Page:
The photos above show a rifling guide for muzzle loading rifles that I ran across in Houston, Texas. The assembly has no known ties to Somerset County, PA, and appears to be machine-made. The photos are included here merely so that people can see what a rifling guide looks like, and understand how they work. The indexing block, and the spiral cut roll can be clearly seen in these photos. This particular rifling guide is extremely well made, and was evidently made by someone who had access to a metalworking machine shop. Handmade rifling guides that would be more typical for a backwoods mountain rifle maker are shown below.
The book "The Muzzle-Loading Cap Lock Rifle" by Ned. H. Roberts (The Granite State Press, Manchester, New Hampshire, 1940) shows photographs of several rifling guides, and includes a description of their use.
The indexing block was bolted to a rifling bench, in line with a pair of clamps that held the barrel. The rifling cutter was attached to the end of the roll, and was moved spirally through the bore of the barrel by the roll. Each groove took many passes of the rifling cutter, as the depth of each cut was extremely small. Another way to rifle a barrel was to use an existing barrel as the rifling guide for the new barrel.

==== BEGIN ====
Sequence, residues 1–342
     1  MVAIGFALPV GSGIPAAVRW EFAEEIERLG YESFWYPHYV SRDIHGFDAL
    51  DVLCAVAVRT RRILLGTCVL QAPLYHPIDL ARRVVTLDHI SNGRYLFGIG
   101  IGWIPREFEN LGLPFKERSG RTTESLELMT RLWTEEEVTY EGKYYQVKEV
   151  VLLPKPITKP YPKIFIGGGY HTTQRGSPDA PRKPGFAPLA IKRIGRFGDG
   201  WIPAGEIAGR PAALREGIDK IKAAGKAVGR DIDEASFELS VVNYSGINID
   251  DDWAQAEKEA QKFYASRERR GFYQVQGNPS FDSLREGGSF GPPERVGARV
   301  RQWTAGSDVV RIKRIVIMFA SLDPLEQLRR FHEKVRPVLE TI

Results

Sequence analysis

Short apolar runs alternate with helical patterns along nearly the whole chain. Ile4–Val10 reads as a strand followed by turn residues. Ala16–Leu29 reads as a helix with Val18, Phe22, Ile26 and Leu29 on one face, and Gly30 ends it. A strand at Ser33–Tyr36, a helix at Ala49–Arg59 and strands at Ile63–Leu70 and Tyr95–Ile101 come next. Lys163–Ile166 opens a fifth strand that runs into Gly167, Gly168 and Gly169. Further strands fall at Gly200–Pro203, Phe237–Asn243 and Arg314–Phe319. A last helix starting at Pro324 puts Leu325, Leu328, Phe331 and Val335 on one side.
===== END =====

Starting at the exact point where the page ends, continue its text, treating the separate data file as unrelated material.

The photos below are from the 1941 National Park Service Popular Study Series brochure "History No. 13: Rifle Making in the Great Smoky Mountains" by Arthur I. Kendall, M. D.. They show how a simple homemade rifling guide was created and used. I recommend this brochure for those who may be interested in how an isolated mountain rifle maker could produce a complete, accurate muzzle-loading rifle using only simple tools.
The photo above shows a rifling roll being turned on a homemade wood lathe that is called a pole lathe. The up and down motion of the leather wrapped around the roll turns the roll back and forth past the hand-held cutting tool. The downstroke of the leather is provided by the foot treadle. The upstroke is provided by the bent sapling.
The photo above shows an oak strip being wrapped around the rifling roll to lay out the locations of the spiral guide slots.
The photo above shows an individual cutting out the spiral grooves on the rifling roll.
The photo above shows a rifling guide being used to cut rifling in a barrel. The indexing block is fixed to the bench. The frame that supports the roll is reciprocated to reciprocate and turn the roll and the attached rifling cutter.
The photo above shows a barrel being rifled using the rifling guide.
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